That would be contraception as a basic health benefit in the new system:
Federal officials drafting guidelines to implement health care reform should include contraception among the basic set of preventive services for women that private insurance plans must cover without cost sharing, concludes a new Guttmacher Institute analysis.
The so-called Mikulski amendment in the health care reform law enacted in March stipulates that preventive care and screenings for women are to be covered free of any cost sharing. However, while lawmakers who sponsored the amendment made clear their intent that contraceptive services be covered, the legislation leaves it up to the U.S. Department of Health and Human Services (DHHS) to develop new evidence-based guidelines that would define which services to include. It is not yet clear whether DHHS will draft the guidelines internally or commission an outside panel to do so.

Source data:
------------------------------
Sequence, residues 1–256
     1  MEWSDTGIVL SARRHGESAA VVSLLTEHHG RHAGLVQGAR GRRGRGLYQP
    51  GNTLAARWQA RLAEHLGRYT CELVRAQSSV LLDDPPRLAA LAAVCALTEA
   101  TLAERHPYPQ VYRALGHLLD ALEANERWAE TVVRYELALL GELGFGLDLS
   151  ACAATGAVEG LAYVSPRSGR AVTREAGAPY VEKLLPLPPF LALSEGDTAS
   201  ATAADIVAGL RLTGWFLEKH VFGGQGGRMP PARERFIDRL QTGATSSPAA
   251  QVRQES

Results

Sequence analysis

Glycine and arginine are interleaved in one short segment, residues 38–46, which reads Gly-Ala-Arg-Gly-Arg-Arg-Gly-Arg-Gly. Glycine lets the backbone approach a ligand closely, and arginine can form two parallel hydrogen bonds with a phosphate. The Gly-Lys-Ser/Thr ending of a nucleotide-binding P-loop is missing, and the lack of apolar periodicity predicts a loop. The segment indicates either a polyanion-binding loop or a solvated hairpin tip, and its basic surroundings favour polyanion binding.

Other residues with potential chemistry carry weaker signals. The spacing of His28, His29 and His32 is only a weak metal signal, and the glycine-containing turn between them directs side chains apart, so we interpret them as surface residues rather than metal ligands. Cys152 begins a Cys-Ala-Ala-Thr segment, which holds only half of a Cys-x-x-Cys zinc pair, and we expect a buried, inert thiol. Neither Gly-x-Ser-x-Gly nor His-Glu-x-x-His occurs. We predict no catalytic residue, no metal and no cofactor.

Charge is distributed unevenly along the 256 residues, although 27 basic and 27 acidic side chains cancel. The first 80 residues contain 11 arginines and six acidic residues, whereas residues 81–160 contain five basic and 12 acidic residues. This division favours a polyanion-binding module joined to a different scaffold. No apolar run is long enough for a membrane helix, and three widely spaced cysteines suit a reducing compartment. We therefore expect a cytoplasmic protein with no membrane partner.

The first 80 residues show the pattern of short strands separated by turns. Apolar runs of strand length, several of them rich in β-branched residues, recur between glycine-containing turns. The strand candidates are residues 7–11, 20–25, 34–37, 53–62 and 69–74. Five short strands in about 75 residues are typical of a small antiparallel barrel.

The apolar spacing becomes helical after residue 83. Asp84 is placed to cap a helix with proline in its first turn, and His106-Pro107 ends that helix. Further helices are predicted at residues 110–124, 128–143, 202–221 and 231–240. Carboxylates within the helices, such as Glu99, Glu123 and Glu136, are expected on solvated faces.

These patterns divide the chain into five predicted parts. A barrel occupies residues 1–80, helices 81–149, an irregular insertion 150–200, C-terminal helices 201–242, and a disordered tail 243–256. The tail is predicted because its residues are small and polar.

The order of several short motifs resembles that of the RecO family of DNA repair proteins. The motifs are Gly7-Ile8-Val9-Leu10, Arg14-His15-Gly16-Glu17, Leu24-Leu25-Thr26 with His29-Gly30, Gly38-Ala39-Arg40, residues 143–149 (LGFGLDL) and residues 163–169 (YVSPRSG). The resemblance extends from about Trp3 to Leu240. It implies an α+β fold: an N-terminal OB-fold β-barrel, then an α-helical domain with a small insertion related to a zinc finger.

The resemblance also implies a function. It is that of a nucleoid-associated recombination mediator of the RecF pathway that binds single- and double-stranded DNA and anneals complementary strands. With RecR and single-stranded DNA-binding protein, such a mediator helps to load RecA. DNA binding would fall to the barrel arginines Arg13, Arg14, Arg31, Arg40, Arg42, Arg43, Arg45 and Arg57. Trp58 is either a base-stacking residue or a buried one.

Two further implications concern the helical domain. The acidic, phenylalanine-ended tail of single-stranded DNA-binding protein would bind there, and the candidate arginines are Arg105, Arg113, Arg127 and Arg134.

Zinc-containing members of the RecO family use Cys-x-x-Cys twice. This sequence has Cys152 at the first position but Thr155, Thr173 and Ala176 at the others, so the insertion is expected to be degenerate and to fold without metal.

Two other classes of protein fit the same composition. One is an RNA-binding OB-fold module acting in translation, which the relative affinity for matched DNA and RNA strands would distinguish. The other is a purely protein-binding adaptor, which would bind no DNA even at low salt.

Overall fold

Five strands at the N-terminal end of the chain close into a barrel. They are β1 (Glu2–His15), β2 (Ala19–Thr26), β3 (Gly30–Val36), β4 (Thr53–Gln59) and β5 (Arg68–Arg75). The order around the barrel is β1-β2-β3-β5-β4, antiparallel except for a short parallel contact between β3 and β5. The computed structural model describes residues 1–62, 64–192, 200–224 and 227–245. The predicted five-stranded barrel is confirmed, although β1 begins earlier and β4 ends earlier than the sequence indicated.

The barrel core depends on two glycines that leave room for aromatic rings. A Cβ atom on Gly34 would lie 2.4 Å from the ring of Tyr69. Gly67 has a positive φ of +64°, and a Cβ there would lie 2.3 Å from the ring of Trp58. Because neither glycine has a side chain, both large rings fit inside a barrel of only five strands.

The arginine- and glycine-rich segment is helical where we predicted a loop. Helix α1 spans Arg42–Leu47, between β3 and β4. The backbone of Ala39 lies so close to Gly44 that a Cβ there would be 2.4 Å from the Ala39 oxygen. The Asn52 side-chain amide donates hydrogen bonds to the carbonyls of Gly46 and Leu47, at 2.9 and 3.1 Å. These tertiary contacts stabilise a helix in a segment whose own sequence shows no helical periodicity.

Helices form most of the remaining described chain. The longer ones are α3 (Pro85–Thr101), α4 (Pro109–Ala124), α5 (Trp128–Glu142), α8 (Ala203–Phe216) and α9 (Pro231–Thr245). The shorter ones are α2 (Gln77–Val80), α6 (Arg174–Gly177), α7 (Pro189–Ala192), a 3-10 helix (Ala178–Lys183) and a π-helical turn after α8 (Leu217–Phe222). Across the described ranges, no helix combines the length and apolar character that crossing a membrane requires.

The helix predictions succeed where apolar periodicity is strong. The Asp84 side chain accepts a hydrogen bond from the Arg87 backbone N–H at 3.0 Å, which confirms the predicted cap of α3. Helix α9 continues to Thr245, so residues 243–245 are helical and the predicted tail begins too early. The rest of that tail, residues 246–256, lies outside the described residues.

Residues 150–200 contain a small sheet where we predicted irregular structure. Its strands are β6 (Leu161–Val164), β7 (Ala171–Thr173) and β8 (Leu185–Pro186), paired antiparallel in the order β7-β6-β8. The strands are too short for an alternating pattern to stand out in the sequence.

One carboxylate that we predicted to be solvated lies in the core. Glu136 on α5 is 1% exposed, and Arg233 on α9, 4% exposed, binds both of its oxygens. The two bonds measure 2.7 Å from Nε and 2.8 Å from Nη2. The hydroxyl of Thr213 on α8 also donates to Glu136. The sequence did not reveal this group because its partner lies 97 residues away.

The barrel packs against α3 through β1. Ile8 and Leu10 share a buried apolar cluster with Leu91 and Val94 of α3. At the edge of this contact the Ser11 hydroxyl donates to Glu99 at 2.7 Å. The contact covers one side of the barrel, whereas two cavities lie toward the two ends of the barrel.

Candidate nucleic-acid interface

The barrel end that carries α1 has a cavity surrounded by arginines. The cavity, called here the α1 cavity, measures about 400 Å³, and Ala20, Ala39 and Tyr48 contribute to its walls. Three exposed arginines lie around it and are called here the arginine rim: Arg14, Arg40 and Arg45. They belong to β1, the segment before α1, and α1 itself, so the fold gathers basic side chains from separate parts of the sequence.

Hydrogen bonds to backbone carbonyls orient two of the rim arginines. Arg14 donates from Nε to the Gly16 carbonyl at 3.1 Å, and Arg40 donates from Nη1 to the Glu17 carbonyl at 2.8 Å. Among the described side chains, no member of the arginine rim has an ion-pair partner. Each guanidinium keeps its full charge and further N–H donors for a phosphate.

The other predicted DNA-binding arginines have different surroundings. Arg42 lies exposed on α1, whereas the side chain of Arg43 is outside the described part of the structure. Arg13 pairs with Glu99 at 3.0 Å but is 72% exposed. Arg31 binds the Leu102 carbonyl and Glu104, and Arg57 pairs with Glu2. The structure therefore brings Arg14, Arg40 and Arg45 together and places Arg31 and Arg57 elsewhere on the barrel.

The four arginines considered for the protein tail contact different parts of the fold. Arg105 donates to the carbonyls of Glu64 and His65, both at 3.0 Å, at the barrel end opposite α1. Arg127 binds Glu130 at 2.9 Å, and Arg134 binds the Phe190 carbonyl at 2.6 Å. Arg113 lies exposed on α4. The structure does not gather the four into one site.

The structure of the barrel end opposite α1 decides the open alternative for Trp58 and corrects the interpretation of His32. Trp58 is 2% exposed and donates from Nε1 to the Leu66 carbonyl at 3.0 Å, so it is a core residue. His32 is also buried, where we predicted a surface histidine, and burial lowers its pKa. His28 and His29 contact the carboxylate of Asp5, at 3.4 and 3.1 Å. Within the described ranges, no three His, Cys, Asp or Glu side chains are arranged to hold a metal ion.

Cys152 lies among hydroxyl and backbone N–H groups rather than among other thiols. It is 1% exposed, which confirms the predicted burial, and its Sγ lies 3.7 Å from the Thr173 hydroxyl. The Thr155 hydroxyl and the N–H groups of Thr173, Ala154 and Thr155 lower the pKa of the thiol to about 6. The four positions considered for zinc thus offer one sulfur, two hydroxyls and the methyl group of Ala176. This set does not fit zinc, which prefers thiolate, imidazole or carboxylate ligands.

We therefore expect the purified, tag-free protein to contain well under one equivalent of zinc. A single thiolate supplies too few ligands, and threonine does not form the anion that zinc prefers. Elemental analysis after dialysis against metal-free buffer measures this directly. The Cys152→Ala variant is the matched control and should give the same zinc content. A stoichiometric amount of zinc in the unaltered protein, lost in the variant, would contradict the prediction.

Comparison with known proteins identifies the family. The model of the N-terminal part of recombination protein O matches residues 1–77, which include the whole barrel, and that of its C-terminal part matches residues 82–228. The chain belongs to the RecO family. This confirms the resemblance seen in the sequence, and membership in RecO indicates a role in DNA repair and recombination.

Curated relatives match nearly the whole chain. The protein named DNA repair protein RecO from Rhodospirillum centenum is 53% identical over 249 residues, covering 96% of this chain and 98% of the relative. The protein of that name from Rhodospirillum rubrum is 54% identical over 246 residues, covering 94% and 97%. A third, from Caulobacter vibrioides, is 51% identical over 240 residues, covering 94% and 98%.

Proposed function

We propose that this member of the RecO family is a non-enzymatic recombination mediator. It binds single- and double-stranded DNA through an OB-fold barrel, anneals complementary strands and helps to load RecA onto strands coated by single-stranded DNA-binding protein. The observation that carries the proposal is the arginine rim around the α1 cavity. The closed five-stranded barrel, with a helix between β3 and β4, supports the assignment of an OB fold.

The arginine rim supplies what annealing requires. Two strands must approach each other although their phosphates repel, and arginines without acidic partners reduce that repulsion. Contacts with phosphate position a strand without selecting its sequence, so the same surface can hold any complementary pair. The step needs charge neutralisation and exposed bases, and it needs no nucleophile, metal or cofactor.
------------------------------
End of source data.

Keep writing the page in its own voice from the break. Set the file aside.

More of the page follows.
Despite it being a good idea, for reasons which have to do with the costs and problems avoided if contraception indeed were a basic benefit, we are not going to get it. That's my prediction, and the reasons are twofold:
First, it would be an expensive program in terms of the immediate spending. That's what is visible to people, not the later consequences of unwanted pregnancies and so on.
Second, the proposal feeds straight into the Womb Wars: Who owns them and what they are for.